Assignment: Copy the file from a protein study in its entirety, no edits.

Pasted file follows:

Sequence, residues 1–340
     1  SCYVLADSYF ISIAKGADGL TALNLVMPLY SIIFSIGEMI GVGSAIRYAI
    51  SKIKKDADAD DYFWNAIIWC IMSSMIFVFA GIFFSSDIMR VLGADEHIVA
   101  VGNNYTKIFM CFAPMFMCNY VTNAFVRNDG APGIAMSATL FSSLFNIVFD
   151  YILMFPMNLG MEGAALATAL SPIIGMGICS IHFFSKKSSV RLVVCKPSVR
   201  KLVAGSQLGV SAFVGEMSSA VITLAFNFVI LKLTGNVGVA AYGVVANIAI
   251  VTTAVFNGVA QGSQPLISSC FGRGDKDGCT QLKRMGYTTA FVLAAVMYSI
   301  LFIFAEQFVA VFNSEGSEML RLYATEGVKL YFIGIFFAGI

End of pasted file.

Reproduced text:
Sequence, residues 1–340
     1  SCYVLADSYF ISIAKGADGL TALNLVMPLY SIIFSIGEMI GVGSAIRYAI
    51  SKIKKDADAD DYFWNAIIWC IMSSMIFVFA GIFFSSDIMR VLGADEHIVA
   101  VGNNYTKIFM CFAPMFMCNY VTNAFVRNDG APGIAMSATL FSSLFNIVFD
   151  YILMFPMNLG MEGAALATAL SPIIGMGICS IHFFSKKSSV RLVVCKPSVR
   201  KLVAGSQLGV SAFVGEMSSA VITLAFNFVI LKLTGNVGVA AYGVVANIAI
   251  VTTAVFNGVA QGSQPLISSC FGRGDKDGCT QLKRMGYTTA FVLAAVMYSI
   301  LFIFAEQFVA VFNSEGSEML RLYATEGVKL YFIGIFFAGI